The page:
Barbara Nealon Retires After 36 Years

By Grace Gorham, Contributing Writer

  After 36 years of teaching, science teacher Barbara Nealon is retiring.

  Nealon started teaching in 1981 and has taught at 3 different schools, ultimately ending up at Susquehannock for 18 years.

  Nealon decided to retire this year because it is getting harder and harder to keep up with all the changes in Biology.

  “As a teacher, I am removed from the science research. I read about an hour a day to keep up with the new discoveries so I can incorporate them into my lessons. I want to retire while I still love my job and am an effective teacher. I miss field work and am excited to be able to volunteer my time so I can help scientists in the field. Budget constraints have made it difficult for the national park to hire scientists to work in the field. By retiring, I’ll be able to help them. I am ready for a new challenge.”

  What motivated Nealon to start teaching was to help kids grow, and that’s also what that she will miss the most, the kids.

  She has not only taught science classes throughout her many years of teaching, but also agriculture, outdoor education, nature programs, and swimming lessons.

   Some of her hobbies outside of school are knitting, choral singing, hiking, camping and baking for her students. Senior Taylor Stenley, who had Nealon for anatomy, has a favorite memory of a time that Nealon baked for her class.

  “I remember for someone’s birthday- I can’t remember whose birthday it was- she made apple cake, and brought it in for everyone in the class, and it was fantastic,” said Stenley.

AP Bio students at the breakfast before the AP test. Photo by Barbara Nealon.

  Junior Michael Torbert has enjoyed Nealon’s class, and being around her in general.

  “I’ve known Mrs. Nealon for at least this year through AP Bio, but also throughout the past three years of high school. I’ve heard a lot of things about her and how she’s an amazing teacher and a really nice lady. Her best qualities are that she’s nice and respectful to you not only as a student, but as a person,” said Torbert. “She, as a teacher, can take one of the hardest subjects like AP Bio and make it understandable for everyone in the class. I will miss the constant support and encouragement she gives and just seeing her in the halls, saying hi, and getting a smile from her.”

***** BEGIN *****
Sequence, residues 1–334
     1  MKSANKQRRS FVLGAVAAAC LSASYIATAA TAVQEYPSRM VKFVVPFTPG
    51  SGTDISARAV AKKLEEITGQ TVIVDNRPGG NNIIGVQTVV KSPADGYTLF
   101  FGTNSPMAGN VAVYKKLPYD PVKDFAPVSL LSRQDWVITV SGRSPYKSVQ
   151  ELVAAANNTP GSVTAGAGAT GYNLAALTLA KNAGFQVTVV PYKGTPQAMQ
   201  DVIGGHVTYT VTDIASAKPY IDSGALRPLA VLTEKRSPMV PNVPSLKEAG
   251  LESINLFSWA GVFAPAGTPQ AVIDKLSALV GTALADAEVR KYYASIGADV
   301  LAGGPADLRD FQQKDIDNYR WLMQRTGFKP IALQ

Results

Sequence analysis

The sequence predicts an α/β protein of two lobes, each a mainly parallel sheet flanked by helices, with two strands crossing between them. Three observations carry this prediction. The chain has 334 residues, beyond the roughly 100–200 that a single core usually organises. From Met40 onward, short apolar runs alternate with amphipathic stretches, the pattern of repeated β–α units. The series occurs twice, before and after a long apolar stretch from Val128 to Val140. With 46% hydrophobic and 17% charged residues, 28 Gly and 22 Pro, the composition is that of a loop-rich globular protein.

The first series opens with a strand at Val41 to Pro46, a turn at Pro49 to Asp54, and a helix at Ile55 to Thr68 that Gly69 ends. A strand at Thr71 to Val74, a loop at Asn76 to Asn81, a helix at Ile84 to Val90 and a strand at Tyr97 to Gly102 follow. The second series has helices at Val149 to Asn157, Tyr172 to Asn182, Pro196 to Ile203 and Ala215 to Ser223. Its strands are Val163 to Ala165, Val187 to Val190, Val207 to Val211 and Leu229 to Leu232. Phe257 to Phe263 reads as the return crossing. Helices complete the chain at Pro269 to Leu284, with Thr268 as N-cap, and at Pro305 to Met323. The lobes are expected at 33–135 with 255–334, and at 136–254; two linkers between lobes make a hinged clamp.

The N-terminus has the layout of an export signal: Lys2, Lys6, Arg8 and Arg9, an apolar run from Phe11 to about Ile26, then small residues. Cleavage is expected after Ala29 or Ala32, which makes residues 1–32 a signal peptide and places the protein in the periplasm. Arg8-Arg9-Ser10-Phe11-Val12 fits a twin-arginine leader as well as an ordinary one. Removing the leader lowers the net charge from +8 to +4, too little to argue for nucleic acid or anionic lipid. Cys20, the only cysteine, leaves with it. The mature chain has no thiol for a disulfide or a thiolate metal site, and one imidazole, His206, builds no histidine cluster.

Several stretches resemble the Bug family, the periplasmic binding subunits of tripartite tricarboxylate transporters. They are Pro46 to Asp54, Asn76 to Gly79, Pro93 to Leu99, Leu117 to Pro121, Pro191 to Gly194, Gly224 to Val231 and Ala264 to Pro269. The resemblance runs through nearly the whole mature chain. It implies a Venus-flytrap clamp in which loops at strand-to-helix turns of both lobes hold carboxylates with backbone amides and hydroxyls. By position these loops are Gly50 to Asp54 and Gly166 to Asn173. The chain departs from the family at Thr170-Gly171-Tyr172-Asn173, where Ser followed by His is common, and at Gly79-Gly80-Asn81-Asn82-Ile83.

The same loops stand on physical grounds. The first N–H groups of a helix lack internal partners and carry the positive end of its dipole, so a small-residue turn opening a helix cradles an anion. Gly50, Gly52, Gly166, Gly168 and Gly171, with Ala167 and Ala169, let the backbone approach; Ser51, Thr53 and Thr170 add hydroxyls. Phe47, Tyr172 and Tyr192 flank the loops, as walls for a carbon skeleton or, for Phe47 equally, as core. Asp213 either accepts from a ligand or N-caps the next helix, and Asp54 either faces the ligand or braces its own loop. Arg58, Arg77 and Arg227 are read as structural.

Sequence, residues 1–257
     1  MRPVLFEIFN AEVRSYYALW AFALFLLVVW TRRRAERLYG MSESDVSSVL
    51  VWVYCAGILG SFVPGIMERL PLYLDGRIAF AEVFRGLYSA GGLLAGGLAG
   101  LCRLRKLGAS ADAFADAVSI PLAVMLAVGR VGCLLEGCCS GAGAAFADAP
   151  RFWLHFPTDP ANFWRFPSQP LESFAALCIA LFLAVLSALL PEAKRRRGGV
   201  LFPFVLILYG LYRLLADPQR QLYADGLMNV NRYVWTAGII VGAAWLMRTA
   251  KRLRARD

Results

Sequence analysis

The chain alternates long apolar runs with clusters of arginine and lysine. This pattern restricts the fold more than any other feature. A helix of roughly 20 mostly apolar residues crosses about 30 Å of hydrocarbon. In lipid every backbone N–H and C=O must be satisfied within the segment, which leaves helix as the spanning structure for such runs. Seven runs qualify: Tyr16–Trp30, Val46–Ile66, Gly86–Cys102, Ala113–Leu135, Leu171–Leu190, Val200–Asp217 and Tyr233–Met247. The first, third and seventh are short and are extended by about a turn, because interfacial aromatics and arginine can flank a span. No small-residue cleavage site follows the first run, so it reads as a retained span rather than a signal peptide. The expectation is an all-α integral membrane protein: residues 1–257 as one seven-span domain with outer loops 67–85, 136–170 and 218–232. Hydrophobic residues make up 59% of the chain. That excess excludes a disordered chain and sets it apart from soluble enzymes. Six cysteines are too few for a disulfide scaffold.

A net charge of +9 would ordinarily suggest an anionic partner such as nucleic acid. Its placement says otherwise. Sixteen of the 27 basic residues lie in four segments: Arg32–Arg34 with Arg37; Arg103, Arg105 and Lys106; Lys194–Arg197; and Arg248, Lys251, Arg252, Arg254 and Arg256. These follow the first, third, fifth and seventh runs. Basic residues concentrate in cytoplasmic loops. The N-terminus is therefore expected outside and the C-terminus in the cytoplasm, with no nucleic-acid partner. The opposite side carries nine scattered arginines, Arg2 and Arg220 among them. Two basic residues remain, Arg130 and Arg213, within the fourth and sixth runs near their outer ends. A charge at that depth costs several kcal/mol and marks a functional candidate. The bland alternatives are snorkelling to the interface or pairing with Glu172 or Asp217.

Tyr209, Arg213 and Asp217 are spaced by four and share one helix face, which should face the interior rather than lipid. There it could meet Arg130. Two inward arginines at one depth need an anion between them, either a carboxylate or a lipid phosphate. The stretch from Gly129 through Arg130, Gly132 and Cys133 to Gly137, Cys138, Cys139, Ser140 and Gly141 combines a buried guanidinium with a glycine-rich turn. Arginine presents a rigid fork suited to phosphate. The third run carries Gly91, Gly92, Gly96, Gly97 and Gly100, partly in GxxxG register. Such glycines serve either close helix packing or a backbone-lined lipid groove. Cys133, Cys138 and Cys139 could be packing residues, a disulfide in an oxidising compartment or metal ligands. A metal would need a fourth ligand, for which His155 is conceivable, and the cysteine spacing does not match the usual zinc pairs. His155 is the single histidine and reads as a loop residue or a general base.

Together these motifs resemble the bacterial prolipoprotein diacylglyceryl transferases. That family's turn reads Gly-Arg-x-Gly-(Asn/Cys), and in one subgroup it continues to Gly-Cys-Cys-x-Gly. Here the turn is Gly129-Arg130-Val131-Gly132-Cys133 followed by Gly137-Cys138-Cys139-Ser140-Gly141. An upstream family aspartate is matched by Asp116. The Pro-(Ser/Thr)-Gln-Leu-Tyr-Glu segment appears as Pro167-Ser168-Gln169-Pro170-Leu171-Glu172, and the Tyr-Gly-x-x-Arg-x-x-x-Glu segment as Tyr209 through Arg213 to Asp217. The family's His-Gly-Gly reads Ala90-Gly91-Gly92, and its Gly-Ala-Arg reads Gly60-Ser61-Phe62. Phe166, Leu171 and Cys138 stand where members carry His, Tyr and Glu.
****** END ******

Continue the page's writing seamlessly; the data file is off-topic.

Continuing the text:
Stenley likes how engaged with the class Nealon is and will miss that about her.

  “She is really patient with my class; we have a lot of questions, so she’s really eager, and she likes talking about her subject… she likes getting off task and talking to us about real world events, she likes to get political, and she’s just a really nice lady,” said Stenley. “ I’m gonna miss how excited she got when one of us asked a question that she wants to talk about, because she’ll be like, ‘Oh my gosh I was just about to mention this!’ and I’ll just miss how excited she gets about the subject.”

AP Environmental Science students with their water bottle project. Photo by: Barbara Nealon.

  Some of Nealon’s favorite memories from teaching have been the AP breakfasts on the mornings before AP Bio and APES tests, student independent research presentations, giving Lab Coats to seniors who took 4 AP Science Classes, taking students to the World Food Prize Student Conference and having a student selected for an international lab internship in China, analyzing real science data with her students and drawing conclusions, and the water bottle filler project, which she is very proud of her students for.

“My AP Environmental Science class last year… they took it on as a project, so they raised the money, they did all the research, they met with the administration… they literally did it all. Right now there is a total of seven water bottle fillers that have gone in. Four of which the kids have raised the money for and three of which the funds were raised by other people. They started the movement,” said Nealon.

  As for the future, Nealon plans to spend time volunteering and outside with nature.

  “I volunteer at Acadia National park in the summer, and I help maintain hiking trails, and I’m gonna be doing that this summer, and I’m going to be working with some scientists up there to do some research in the field. And, I do the stage crew at York Catholic so I’m going to keep doing that,” said Nealon.

Nealon and guidance counselor Colleen Dzwonczyk are honored for their time at Susquehannock. Photo by: Kristen Krobot.

  It is very clear that Nealon is passionate about her job and will miss everything about teaching.

  “I think I’ve had the most wonderful job a person could ever have. And it’s because of the kids and the people I’ve worked with. I don’t ever come to school thinking, ‘I hate being here,’ because I love work. It’s not work to me. And I love watching kids succeed. Every single time a lightbulb goes on, they’ve grown, and that’s what it’s all about. And I’m gonna miss that,” said Nealon. “But, it’s exhausting. I don’t think people realize how hard we work. You come in at 7:30 and you leave at 2:45, and some us us leave at 5 or 6:00, some of us come in at 6:00 in the morning, and it’s very tiring, but very rewarding. I’m just thankful that I’ve been able to do it for so long, and in so many different ways. No two days were ever alike, and that’s a lot of fun.”